When Nick at Nite first started, everything they played was from the very early days of television. They looked askance at episodes of My Three Sons featuring Uncle Charlie instead of Bub. Eventually, though, in search of those sweet, sweet Boomer viewers, they started showing newer shows. By which I mean this was my exposure to Laugh-In. (I think the strongest case Gen X has for how neglected we are as a demographic is that there’s no TV channel just for us.) I think I was vaguely aware of the existence of Goldie Hawn before then, but I am probably one of the youngest people to have first encountered her in any serious way from watching Laugh-In on television.
It’s kind of interesting to me that she isn’t one of those women famous for playing blonde bubbleheads where all the rumours say she’s a secret genius. (I heard them most often about Marilyn Monroe.) Goldie Hawn does not seem to me to be a secret genius, but she does seem to be a reasonably intelligent, mostly down-to-Earth sort. She’s chosen not to marry long-term partner Kurt Russell because her two marriages and her single one worked out badly, and as far as she can tell, marriage is all about money anyway, so why bother? Which is a perfectly sensible attitude to have, even if I don’t entirely agree with it. She also started a charity intended to help underprivileged children improve academically—and hired outside researchers to test if their methods actually do any good.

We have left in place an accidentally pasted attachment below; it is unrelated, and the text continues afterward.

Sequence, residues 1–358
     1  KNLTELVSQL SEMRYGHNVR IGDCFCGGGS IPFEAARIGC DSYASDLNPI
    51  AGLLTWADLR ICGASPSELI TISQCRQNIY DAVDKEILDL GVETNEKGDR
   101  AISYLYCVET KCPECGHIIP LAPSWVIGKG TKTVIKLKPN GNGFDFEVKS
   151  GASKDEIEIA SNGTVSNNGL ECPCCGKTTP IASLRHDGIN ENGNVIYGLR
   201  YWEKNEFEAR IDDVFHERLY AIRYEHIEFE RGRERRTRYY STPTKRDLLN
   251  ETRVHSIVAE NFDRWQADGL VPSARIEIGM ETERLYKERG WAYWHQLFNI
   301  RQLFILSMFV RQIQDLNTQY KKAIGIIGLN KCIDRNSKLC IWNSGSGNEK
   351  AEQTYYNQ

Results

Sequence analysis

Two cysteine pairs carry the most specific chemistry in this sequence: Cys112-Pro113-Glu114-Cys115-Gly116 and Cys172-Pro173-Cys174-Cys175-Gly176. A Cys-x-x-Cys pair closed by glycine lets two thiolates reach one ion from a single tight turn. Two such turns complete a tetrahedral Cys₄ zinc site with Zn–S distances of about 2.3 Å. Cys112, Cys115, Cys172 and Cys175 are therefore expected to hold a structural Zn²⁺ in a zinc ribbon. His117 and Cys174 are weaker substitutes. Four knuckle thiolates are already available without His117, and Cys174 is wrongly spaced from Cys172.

But mostly people think of her as a blonde bubblehead. She won an Oscar for it for Cactus Flower, a movie I frankly did not like very much. I’m actually much more fond of her lunatic turn as Gwen in HouseSitter, where she plays a compulsive liar who brings lunacy to the life of Steve Martin’s Newton Davis. It’s not necessarily a good movie, but I do think it’s a lot of fun, at least. And I think she’s quite good in it. I also think she holds her own opposite Meryl Streep in Death Becomes Her, a movie that actually features a Bruce Willis performance I don’t dislike.
She has all but retired from acting, though apparently Amy Schumer wouldn’t make Snatched unless Hawn played her mother; whether it turns out to be a good or a bad thing that they made the movie, I leave for people who’ve seen it to determine. Certainly it was her first movie in fifteen years. She did do an episode of Phineas and Ferb in that time, the only TV she’s done since Laugh-In. I don’t know for sure what she’s been doing in that time, but I really hope the reason she hasn’t been working has been that she hasn’t wanted to, not because no one would hire her.
Her first movie credit was as “Giggly Girl” in The One and Only, Genuine, Original Family Band, one of those titles that makes it perfectly clear that here is a Live-Action Disney Movie From the Sixties. If I remember correctly, she met future partner Kurt Russell while making it but neither made much of an impression on the other—perfectly understandable from her perspective, since she’s six years older than he is, meaning she was probably twenty-two while it was made and he was sixteen! What delights me, however, is that she then married director Gus Trikonis, formerly a dancer who’d played Indio in West Side Story. She appeared as a spectator in one of his movies for her next role—watching a little sport called sidehacking.